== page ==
Whittaker Functions, Crystal Bases, and Quantum Groups (10w5096)

Arriving in Banff, Alberta Sunday, June 6 and departing Friday June 11, 2010


Ben Brubaker (University of Minnesota)

(Stanford University)

(City University of New York)

(University of Massachusetts Amherst)


The goal of this interdisciplinary workshop is to bring together a
group of researchers in number theory, combinatorial representation
theory, special functions, and mathematical physics whose work shares
the common theme of Whittaker functions, who are active in these areas
or have professed interest in them, and who have not had a chance to
come together at a single conference devoted to their study. We
expect that some talks at the conference will be expository, to
present overviews of the various areas to the different researchers,
while other talks will present current research results. This way
conference participants will quickly find common points of
investigation, which could include the following natural questions:

--- What are the statistics required from crystal graphs to extend $p$-adic
Whittaker descriptions to more general context (Chevalley groups,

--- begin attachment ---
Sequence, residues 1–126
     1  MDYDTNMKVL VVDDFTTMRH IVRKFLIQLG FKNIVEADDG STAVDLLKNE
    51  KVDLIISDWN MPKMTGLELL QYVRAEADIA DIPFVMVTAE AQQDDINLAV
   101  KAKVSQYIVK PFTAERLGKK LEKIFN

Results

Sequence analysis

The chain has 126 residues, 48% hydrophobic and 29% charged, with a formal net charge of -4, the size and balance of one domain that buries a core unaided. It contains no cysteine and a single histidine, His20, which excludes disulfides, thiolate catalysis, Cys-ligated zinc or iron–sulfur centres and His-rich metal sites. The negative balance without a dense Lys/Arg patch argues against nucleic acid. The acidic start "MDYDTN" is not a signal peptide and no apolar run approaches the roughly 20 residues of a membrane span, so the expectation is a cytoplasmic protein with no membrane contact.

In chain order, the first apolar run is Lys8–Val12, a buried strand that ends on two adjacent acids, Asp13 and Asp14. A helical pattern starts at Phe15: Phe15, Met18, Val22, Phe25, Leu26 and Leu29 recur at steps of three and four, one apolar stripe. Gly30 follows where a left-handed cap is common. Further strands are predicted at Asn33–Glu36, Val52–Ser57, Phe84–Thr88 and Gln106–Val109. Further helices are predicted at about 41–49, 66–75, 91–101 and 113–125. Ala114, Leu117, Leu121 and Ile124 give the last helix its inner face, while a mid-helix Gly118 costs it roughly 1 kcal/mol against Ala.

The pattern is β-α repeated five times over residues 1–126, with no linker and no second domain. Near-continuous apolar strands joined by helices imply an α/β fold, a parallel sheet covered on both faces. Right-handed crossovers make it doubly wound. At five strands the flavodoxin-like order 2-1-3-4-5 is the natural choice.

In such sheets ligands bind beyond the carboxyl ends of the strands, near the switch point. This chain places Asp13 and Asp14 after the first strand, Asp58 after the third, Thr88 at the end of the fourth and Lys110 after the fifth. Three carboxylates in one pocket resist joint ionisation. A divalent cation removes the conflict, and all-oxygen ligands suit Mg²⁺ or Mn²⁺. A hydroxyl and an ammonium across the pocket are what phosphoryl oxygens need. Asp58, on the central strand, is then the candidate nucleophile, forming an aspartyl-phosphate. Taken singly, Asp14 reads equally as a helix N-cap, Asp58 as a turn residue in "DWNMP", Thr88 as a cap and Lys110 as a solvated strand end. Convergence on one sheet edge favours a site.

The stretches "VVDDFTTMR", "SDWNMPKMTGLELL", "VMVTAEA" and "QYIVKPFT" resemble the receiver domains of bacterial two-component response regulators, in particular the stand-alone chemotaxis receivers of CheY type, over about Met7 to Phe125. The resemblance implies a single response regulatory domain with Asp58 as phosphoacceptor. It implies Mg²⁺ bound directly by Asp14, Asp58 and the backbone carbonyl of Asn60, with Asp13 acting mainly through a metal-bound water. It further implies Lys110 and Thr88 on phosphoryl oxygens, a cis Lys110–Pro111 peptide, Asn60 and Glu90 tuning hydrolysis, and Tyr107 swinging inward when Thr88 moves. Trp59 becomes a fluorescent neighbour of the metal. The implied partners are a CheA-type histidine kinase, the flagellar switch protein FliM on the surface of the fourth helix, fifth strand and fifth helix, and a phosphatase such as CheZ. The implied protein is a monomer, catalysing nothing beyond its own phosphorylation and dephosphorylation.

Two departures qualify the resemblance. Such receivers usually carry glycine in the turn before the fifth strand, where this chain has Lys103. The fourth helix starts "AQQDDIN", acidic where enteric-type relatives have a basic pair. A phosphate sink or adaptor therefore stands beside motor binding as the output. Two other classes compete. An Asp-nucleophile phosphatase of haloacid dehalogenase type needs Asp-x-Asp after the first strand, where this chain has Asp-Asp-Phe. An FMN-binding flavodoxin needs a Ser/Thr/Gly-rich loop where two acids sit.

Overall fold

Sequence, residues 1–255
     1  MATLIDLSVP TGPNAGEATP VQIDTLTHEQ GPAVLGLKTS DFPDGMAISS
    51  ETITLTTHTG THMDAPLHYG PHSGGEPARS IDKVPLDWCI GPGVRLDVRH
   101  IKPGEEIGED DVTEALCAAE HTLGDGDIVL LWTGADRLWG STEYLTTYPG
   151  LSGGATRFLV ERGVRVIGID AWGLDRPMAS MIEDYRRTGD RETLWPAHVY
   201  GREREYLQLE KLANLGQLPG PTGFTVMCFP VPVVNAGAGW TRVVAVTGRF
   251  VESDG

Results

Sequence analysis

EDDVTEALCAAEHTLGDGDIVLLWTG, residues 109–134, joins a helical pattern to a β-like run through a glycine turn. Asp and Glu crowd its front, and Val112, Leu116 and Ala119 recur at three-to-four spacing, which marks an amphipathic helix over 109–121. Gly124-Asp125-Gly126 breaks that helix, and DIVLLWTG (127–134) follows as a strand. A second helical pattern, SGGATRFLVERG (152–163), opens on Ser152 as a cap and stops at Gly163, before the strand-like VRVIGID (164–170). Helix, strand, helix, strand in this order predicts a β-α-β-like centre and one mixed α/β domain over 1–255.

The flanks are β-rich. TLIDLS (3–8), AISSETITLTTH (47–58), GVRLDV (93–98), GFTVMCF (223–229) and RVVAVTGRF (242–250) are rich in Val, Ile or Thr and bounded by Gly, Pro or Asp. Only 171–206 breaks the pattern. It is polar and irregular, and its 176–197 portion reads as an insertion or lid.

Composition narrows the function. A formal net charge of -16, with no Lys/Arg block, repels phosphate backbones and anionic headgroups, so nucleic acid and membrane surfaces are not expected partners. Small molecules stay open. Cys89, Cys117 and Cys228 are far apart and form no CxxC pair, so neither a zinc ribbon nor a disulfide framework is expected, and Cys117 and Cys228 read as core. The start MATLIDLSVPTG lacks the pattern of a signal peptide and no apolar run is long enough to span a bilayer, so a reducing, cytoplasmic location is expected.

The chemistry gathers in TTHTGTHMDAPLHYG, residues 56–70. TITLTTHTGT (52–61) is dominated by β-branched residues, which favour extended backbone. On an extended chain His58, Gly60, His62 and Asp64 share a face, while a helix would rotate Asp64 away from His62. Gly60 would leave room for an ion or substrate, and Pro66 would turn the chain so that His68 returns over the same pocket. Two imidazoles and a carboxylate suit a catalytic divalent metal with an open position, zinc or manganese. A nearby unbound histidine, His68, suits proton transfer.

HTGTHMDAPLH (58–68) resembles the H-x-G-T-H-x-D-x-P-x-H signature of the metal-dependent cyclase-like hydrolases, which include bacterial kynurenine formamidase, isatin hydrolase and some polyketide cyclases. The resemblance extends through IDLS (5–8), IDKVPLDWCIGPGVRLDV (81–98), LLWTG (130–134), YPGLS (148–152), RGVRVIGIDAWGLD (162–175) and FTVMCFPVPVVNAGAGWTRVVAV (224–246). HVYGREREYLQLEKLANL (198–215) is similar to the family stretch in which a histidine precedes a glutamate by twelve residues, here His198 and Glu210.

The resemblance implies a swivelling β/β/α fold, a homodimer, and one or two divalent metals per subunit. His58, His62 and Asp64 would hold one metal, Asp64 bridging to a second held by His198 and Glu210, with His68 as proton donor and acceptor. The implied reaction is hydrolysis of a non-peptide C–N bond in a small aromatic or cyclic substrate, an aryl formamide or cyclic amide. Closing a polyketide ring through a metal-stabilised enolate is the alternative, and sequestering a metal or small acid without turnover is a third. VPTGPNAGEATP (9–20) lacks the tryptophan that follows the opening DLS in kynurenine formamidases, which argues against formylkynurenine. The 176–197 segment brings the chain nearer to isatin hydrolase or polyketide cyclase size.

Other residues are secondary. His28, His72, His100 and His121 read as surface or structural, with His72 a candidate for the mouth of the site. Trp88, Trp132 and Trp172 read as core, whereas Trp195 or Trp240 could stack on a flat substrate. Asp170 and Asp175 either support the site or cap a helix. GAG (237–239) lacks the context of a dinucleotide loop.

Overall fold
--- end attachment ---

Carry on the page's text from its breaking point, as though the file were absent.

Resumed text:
Kac-Moody groups)? What do the new identities resulting from the
non-metaplectic description tell us about the underlying representation

--- Can all of the deformations described above be understood in terms
of various central extensions of the underlying algebraic group? Does
this provide a unifying framework for understanding the above

--- Can we treat local fields uniformly? Is there a way of understanding
similarities between archimedean and non-archimedean calculations?

--- "Classical limit" calculations of these deformations arise even
for double cover calculations of $mathrm{SO}(2r+1)$. Is there
physical meaning to these deformations? Do such deformations exist for
other higher degree arithmetic covers? Why do the formulas require the
quantized universal enveloping algebra and what is essentially quantum
about the metaplectic group?

As recent papers and preprints indicate, the researchers active in
these areas are aware of connections between their work to other
fields. The time is ripe to provide an opportunity for members of
these diverse fields to meet, to share ideas, and to further pursue
these new developments. A workshop devoted to these topics that
brings together researchers from different fields will encourage new
interactions and should lead to unusual collaborations. The intimate
setting of BIRS is ideal for fostering this kind of interaction,
since it offers ample opportunity for discussion outside the hours of
the formal program activities.